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CHINA: THE GIANT AWAKENS : Ancient Power Steps Into Asian Spotlight

June 15, 1993|DAVID HOLLEY | TIMES STAFF WRITER

BEIJING — A legacy of grinding poverty left by centuries of stagnation, chaos and isolation is finally fading. An increasingly self-confident nation now seeks a place in the world worthy of a country that is home to more than one-fifth of humankind.

"There lies a sleeping giant," Napoleon once said of this ancient land. "Let her sleep, for when she wakes she will shake the world."

For better or worse, China is awakening.

Tens of millions of peasants have left the land for factory and construction jobs, powering a transformation of China's coastal provinces and major urban centers. Linked with foreign capital and skills, their low-wage labor makes China a major force in world trade.

China's spectacular economic growth already exerts profound effects in all East Asia and the entire Pacific Rim. And in the overpopulated countryside of this country's vast interior are hundreds of millions more would-be factory hands who, if properly employed, can keep the boom going for decades.

In recognition that China has grown to be of immense importance not only geopolitically but economically as well, the International Monetary Fund last month revised its method of measuring the size of national economies and decided that China already has the third-largest economy in the world--valued at $1.7 trillion in terms of equivalent purchasing power.

By some calculations, China's could be the largest economy in the world in as little as three decades. Output has grown at an average annual rate of 8.4% in the past seven years. It spurted 12.8% last year and is set to jump another 10% or so this year.

China's economic expansion is likely to have considerable staying power, for it is based on unlocking the talents and energies of a people who had been enervated by the old system of state controls. Material incentives, labor mobility and rational prices are still rather new to China, and the full effect of their gradual implementation has yet to unfold.

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A flood of reasonably well-made consumer products already flows off assembly lines at modern, foreign joint ventures, at rural township enterprises and at large state-owned factories newly responsible for their own profits and losses. Small luxury services like pleasant sidewalk cafes or street-side car-washing are beginning to sprout in major cities. Shiny new department stores are stuffed with goods, while markets overflow with fruits and vegetables. Hundreds of high-rise office and apartment buildings have sprouted in Beijing and other major cities.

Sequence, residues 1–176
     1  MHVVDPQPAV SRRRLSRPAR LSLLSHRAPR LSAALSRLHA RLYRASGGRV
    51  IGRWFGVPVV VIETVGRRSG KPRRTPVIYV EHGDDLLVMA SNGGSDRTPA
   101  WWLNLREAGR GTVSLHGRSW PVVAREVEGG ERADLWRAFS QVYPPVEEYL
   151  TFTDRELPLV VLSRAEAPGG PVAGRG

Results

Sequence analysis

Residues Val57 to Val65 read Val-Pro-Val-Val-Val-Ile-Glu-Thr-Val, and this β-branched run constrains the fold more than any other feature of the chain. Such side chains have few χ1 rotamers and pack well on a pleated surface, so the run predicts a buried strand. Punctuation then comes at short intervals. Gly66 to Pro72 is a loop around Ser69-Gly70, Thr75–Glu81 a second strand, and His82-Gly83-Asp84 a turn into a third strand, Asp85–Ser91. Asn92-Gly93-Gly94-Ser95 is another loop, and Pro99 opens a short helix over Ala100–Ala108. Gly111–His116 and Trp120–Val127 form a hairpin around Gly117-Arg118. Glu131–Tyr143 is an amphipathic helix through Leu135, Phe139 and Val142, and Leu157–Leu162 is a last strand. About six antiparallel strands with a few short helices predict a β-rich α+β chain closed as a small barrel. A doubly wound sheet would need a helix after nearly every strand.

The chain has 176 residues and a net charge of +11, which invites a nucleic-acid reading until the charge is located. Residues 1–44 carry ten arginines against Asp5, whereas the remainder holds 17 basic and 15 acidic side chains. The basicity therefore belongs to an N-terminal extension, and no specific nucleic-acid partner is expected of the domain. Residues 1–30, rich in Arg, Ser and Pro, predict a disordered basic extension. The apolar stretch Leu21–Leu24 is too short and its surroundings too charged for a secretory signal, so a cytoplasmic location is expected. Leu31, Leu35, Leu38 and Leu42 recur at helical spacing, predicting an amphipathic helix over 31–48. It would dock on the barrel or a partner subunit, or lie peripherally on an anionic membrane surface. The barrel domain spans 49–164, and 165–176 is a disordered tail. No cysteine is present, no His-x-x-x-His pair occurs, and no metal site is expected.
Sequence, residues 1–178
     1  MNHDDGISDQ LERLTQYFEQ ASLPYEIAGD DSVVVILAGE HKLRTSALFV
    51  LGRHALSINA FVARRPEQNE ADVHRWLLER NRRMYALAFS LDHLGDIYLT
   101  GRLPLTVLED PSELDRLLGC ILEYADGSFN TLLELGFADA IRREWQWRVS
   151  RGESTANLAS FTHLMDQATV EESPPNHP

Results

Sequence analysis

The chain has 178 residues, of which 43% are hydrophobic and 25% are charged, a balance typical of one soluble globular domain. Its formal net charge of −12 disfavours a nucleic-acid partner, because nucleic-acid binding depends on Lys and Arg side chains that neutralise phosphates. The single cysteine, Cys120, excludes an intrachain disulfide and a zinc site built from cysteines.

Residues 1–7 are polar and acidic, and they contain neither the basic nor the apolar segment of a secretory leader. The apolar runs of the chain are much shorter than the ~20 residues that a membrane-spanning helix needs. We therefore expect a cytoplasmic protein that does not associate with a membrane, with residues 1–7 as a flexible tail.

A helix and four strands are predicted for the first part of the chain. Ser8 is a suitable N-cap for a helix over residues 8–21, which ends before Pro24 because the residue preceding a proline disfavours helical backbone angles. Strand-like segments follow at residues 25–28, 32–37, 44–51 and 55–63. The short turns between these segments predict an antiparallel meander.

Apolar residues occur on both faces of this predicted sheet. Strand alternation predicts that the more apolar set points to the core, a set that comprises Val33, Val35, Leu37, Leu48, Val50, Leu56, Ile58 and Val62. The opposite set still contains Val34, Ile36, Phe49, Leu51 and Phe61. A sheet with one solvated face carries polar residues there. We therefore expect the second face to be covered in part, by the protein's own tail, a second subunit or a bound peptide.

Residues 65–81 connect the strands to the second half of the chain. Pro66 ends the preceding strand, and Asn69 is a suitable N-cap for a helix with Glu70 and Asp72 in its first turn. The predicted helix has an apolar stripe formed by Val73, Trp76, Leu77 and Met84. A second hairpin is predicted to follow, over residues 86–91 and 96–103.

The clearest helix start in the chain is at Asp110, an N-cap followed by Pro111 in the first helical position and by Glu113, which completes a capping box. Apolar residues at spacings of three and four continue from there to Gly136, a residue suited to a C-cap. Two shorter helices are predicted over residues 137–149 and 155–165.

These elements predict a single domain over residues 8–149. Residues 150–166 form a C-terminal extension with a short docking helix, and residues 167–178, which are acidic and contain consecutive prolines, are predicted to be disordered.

"If China continues to develop the way it is now, its role in the world economy will become stronger and stronger," noted Jiang Zhongxiao, a Stanford University-trained economist at the Chinese Academy of Social Sciences in Beijing. China's influence will mainly be felt through its fast-expanding trade, Jiang predicted.

Yet the rapidly modernizing parts of China are home to, at most, 400 million out of the country's nearly 1.2 billion people. China is on the road to becoming two nations, politically united but economically divided, with roughly one-third of its people in prosperous coastal and urban areas and two-thirds in isolated villages and towns of the interior. Life may continue to gradually improve even in the poorer areas, but only the modern third will have real weight in the world.

Some of China's neighbors--and strategists in Washington as well--worry whether its growing economic strength will lead to a new political and military assertiveness. Beijing's claim to sovereignty over both Taiwan and the South China Sea adds urgency to these concerns.

The governments of other Pacific Rim nations realize that something incredibly important is unfolding here. But where will it lead? Do old policies toward China need to be reassessed? China's awakening inspires both excitement over new opportunities and fears of what the future could hold.

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A new openness here allows powerful outside influences--including many from America--to come flooding in, undermining old ways. Everything from blue jeans and running shoes to the Goddess of Democracy statue erected on Tian An Men Square in 1989 reflects the subversive allure of American culture and ideas.

Most observers in Asia believe that as the old Communist system fades away or collapses, it is likely to be replaced not by Western-style democracy but by something closer to the authoritarian structures that brought the early phases of modernization to Taiwan and South Korea. Yet China's huge size and unusual history ensure that its path will be unique.

China's attempt to reform communism is a journey into uncharted seas. Its leaders have made it abundantly clear that they intend to preserve an unchallengeable Communist Party dictatorship, even as they pull back from trying to dominate every detail of economic and social life.

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